Verse vs Stanza what difference

what is difference between Verse and Stanza

English

Pronunciation

  • (General American) IPA(key): /ˈvɝs/
  • (Received Pronunciation) IPA(key): /ˈvɜːs/
  • Rhymes: -ɜː(ɹ)s

Etymology 1

From Middle English vers, from a mixture of Old English fers and Old French vers; both from Latin versus (a line in writing, and in poetry a verse; (originally) row, furrow), from vertō (to turn around).

Noun

verse (countable and uncountable, plural verses)

  1. A poetic form with regular meter and a fixed rhyme scheme.
    Synonym: poetry
  2. Poetic form in general.
  3. One of several similar units of a song, consisting of several lines, generally rhymed.
    Synonym: stanza
  4. A small section of the Jewish or Christian Bible.
    Holonym: chapter
  5. (music) A portion of an anthem to be performed by a single voice to each part.
Derived terms
  • blank verse
  • free verse
Related terms
  • versification
  • versify
Translations

Verb

verse (third-person singular simple present verses, present participle versing, simple past and past participle versed)

  1. (obsolete) To compose verses.
    • c. 1579, Philip Sidney, The Defense of Poesy
      It is not rhyming and versing that maketh a poet.
  2. (transitive) To tell in verse, or poetry.
  3. (transitive, figuratively) to educate about, to teach about.

Etymology 2

Back-formation from versus, misconstrued as a third-person singular verb verses.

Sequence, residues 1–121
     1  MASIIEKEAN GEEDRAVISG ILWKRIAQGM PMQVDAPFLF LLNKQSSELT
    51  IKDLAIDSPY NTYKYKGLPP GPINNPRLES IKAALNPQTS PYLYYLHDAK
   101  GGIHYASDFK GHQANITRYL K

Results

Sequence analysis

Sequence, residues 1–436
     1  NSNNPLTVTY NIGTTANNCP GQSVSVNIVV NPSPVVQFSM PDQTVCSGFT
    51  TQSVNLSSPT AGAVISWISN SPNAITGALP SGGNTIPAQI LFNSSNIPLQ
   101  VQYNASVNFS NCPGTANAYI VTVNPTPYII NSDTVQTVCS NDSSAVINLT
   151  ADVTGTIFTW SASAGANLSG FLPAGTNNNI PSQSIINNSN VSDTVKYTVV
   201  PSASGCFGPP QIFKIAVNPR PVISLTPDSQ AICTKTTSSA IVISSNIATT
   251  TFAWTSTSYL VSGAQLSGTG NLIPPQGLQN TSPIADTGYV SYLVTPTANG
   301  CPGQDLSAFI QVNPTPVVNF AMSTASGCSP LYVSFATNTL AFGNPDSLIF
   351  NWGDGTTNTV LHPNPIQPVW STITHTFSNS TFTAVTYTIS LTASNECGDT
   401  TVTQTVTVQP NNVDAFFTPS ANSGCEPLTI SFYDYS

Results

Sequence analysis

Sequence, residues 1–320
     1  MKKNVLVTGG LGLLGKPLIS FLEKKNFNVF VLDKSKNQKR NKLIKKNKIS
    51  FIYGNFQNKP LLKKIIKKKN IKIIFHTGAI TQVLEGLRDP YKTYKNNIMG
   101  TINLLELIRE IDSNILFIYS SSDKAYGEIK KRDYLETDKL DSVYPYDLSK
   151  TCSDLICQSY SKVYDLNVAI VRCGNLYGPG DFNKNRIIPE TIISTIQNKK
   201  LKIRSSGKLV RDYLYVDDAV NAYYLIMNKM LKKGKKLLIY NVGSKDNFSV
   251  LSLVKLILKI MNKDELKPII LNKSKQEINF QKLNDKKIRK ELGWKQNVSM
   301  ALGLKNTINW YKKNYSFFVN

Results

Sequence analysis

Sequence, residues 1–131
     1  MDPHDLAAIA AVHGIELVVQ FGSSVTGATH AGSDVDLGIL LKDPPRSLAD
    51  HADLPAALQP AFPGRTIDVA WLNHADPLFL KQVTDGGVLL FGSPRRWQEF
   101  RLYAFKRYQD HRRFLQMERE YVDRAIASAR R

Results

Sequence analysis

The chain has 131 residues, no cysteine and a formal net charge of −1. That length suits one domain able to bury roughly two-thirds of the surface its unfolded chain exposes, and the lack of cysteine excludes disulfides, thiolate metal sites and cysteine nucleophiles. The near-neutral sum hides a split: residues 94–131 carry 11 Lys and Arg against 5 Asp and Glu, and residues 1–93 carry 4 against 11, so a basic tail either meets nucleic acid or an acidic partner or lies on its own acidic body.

Verb

verse (third-person singular simple present verses, present participle versing, simple past and past participle versed)

  1. (colloquial, sometimes proscribed) To oppose, to compete against, especially in a video game.

Further reading

  • verse in Webster’s Revised Unabridged Dictionary, G. & C. Merriam, 1913.
  • verse in The Century Dictionary, New York, N.Y.: The Century Co., 1911.
  • verse at OneLook Dictionary Search

Anagrams

  • reves, serve, sever, veers

Afrikaans

Noun

verse

  1. plural of vers

Dutch

Pronunciation

Adjective

verse

  1. Inflected form of vers

Anagrams

  • vrees

French

Pronunciation

  • IPA(key): /vɛʁs/

Adjective

verse (plural verses)

  1. This term needs a translation to English. Please help out and add a translation, then remove the text {{rfdef}}.

Noun

verse f (plural verses)

  1. This term needs a translation to English. Please help out and add a translation, then remove the text {{rfdef}}.

Derived terms

  • pleuvoir à verse

Verb

verse

  1. inflection of verser:
    1. first/third-person singular present indicative/subjunctive
    2. second-person singular imperative

Anagrams

  • resve, rêves, rêvés, serve

Hungarian

Etymology

vers +‎ -e (possessive suffix)

Pronunciation

  • IPA(key): [ˈvɛrʃɛ]
  • Hyphenation: ver‧se

Noun

verse

  1. third-person singular single-possession possessive of vers

Declension


Latin

Participle

verse

  1. vocative masculine singular of versus

Middle English

Noun

verse

  1. Alternative form of vers

Portuguese

Verb

verse

  1. first-person singular (eu) present subjunctive of versar
  2. third-person singular (ele and ela, also used with você and others) present subjunctive of versar
  3. third-person singular (você) affirmative imperative of versar